The Evolution of the Library

The industrialist and philanthropist Andrew Carnegie wrote, “There is not such a cradle of democracy upon the earth as the Free Public Library, this republic of letters, where neither rank, office, nor wealth receives the slightest consideration.” An avid reader for most of his life, Carnegie was responsible through his generous financial support for opening hundreds of public libraries across the country in the early 20th century. Although they disagreed on significant policy issues, Andrew Carnegie and President Franklin D. Roosevelt both recognized and publicly expressed how important libraries are to the health of a society. Libraries have a responsibility to their patrons to provide the resources for developing information literacy skills necessary to participate in the democratic process.

Having grown up in Macon, Georgia, in the 1960s and 70s, I can recall my mother driving me downtown to the main branch of the public library where I could roam through the stacks to find books to read. At the time I had no real appreciation for the privilege this simple activity represented, but when I left home to attend college and worked toward completing degrees in English and history, the value of library resources became much clearer. With an MA in history, my first full-time job was working as a cataloger in the public library of a small town in middle Georgia. Over the next two years, I commuted to Emory University in Atlanta to complete a Master of Librarianship degree. I continued in the profession for the next twelve years, eventually becoming the director of that same library.

To say that libraries have changed since my childhood is an obvious understatement to anyone who has benefitted from these institutions. There is no shortage of literature about how the advent of the Internet and electronic resources has transformed the way libraries operate. Several standard textbooks have been available for over ten years that cover library services in the context of the information explosion of recent decades. Some studies are now focusing completely on nontraditional library sources — collections that have only existed in electronic format. In their 2016 book titled Discover Digital Libraries: Theory and Practice, authors Iris Xie and Krystyna Matusiak explore different digital library issues and synthesize theoretical and practical perspectives relevant to researchers, practitioners, and students.

Library stacks
Library stacks

The breadth of Internet resources is mind-boggling; however, the depth of those same resources can sometimes be deceiving, which has created a false panacea for information illiteracy. In past generations, library patrons viewed librarians as the trained sentinels of printed resources, the official concierges that users needed for reading recommendations, research assistance, facts, figures, dates, and answers to almost any conceivable question. One could argue that this sense of importance was a bit exaggerated; nevertheless, librarians had a clearly defined function and role in their organizations and the communities they served. Affordable computers and mobile devices with Internet access have been challenging the significance of librarians, and even libraries, over the last fifteen years.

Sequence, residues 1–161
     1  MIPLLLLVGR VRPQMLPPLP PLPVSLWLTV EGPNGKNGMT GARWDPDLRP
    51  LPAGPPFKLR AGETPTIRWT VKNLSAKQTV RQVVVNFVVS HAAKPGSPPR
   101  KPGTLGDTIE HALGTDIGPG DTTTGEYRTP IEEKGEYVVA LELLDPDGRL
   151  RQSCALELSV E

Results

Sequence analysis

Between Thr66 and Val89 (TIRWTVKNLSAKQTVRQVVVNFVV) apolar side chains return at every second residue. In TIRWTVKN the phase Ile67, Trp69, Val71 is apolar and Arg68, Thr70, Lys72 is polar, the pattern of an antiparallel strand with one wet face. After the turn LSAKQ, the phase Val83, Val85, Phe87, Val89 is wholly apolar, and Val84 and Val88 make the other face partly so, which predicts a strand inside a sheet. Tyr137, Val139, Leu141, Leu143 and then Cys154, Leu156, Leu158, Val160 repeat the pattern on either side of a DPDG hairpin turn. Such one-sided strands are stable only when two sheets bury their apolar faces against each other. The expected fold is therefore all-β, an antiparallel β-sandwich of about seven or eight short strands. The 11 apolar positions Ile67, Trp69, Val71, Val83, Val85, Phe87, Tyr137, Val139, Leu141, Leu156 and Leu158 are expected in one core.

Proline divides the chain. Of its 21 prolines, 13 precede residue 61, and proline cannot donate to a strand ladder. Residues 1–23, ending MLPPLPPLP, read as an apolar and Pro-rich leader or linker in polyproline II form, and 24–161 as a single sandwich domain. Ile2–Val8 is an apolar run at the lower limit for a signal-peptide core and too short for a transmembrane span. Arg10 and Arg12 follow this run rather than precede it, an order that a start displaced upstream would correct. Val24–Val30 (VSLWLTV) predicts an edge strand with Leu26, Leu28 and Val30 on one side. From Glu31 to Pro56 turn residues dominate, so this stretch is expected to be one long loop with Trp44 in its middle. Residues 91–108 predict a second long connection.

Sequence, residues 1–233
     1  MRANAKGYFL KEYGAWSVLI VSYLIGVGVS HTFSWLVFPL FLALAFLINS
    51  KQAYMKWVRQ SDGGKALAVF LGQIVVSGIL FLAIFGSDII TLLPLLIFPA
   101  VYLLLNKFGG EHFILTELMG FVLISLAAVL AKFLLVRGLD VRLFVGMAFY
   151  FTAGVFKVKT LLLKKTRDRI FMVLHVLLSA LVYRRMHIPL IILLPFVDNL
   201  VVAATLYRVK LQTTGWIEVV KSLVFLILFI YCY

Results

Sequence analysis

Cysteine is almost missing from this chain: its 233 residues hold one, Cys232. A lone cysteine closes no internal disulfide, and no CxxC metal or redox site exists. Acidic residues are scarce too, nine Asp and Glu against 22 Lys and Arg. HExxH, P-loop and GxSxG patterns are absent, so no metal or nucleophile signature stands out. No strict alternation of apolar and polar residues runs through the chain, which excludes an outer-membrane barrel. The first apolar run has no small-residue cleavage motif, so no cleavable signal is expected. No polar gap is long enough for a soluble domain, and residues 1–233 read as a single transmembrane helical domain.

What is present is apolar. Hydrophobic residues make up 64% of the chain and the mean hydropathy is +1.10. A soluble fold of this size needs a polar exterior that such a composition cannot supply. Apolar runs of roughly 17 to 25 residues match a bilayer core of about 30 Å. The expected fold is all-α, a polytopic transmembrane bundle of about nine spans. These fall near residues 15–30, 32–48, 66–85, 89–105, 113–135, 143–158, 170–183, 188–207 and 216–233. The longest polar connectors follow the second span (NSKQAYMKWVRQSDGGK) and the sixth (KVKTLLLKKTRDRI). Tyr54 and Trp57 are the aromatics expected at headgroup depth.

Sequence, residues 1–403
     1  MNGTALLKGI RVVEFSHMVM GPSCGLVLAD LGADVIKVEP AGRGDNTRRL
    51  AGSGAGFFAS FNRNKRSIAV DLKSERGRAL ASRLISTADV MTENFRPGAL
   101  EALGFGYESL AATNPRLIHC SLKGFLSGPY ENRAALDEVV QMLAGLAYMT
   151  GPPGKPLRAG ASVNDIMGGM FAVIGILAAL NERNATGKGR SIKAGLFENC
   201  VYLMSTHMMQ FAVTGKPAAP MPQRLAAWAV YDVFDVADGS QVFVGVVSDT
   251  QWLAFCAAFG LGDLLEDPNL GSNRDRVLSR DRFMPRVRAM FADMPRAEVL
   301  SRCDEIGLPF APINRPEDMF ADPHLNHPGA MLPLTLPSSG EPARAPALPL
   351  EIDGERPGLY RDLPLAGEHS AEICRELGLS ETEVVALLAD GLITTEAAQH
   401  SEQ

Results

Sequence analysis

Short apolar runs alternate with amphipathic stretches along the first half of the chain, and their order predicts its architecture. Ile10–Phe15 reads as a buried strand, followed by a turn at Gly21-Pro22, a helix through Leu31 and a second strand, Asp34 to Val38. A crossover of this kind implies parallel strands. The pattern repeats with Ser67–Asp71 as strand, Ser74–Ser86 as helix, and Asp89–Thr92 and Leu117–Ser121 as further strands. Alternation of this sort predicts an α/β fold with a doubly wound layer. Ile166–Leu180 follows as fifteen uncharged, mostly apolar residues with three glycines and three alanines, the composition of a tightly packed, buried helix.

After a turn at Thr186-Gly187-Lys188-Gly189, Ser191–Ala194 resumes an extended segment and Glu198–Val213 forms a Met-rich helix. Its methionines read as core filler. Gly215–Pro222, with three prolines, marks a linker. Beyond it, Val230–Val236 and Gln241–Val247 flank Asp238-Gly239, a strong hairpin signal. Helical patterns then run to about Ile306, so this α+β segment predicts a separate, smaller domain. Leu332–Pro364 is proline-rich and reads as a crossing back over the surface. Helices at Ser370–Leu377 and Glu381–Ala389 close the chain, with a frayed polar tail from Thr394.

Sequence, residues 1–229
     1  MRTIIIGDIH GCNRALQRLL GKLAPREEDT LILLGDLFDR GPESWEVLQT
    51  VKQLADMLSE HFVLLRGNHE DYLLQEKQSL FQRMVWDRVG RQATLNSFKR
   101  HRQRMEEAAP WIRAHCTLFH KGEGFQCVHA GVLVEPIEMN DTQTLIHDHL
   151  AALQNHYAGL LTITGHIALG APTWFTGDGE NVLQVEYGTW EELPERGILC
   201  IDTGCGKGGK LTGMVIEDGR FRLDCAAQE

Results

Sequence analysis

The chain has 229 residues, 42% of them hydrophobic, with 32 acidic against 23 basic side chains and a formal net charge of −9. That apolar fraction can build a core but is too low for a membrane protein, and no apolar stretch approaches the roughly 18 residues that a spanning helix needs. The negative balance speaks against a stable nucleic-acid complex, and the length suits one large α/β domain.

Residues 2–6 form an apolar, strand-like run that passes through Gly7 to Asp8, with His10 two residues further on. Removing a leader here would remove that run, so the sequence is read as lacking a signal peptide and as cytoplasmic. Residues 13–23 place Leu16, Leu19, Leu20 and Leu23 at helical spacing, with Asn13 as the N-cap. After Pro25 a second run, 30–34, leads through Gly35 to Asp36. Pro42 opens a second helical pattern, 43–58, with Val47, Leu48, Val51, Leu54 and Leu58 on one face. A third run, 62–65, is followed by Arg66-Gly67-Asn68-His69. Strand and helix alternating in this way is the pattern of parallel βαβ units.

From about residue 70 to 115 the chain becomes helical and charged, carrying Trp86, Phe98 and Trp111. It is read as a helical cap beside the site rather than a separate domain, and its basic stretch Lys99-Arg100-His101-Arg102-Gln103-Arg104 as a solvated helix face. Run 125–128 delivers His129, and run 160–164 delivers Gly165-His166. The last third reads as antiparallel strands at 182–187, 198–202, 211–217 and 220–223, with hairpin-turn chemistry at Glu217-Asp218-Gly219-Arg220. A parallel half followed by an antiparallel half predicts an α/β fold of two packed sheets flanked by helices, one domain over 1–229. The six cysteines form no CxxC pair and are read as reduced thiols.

In a recent article in the magazine American Libraries titled “Ten Reasons Libraries Are Still Better Than the Internet,” Marcus Banks explains that these institutions still provide tangible services along with less obvious benefits such as access, privacy, and intellectual freedom. While Banks sees the Internet as “an indispensable and irreplaceable tool for modern living,” he argues that “it is not a library and will not replace the work of librarians.” Of course, what should we expect to read in a trade magazine for this profession, right? No surprise either that I tend to agree with Banks. Professional librarians have always taken seriously their responsibility to lead patrons to the most accurate and reliable information available, either in their own libraries or in those with which they have reciprocal lending privileges. The introduction of the Internet has not altered that mission at all. Only the methods of delivery have changed. As Banks observes, “a conversation with a librarian can clarify exactly what you are looking for and figure out the best way to use Google — or many other resources — to find it.”

One of the major impacts electronic resources are having on libraries is in the use of space. The average desktop computer connected to the Internet, including subscription services provided by the library, gives the user access to resources that thirty years ago could not have been contained in a building the size of the Pentagon. Libraries no longer need stacks and stacks of reference books and bound periodicals. Certainly, many readers still want “real” books — the kind with bindings and paper pages. Reading an e-book will never replace the experience of holding a traditional book in their hands that requires no machine, no batteries, and no WiFi connection to download. But, as library budgets continue to shrink and librarians are forced to become even more creative and innovative in allocating the limited funds at their disposal, they will stop purchasing many print sources that are so readily available in a more cost-effective electronic format. They will also convert sections of the library that were once occupied by stacks to other high-demand options such as public-access computer stations, study rooms, audio/video booths, leisure reading areas, and even coffee lounges.

I recently read a Facebook exchange by my friends and mentors who are also retired college professors.  They were bemoaning the changing landscape of libraries. One of them expressed her conviction that libraries to a certain degree should be “rather intimidating, evocative of all of the great minds whose ideas reside in books therein, yet nonetheless something of a magnet to all of us who want to know things.” I absolutely understood her sense of loss when she pined for browsing the stacks and even smelling the pages of old books. The sensory pleasures of reading are understandably treasured by so many people. At the same time, this “discussion” about libraries and books and nostalgia was taking place on a social media platform that was born and has lived its entire life exclusively in the realm of the Internet. FaceBOOK has never had a single association with pages and bindings. The irony was palpable.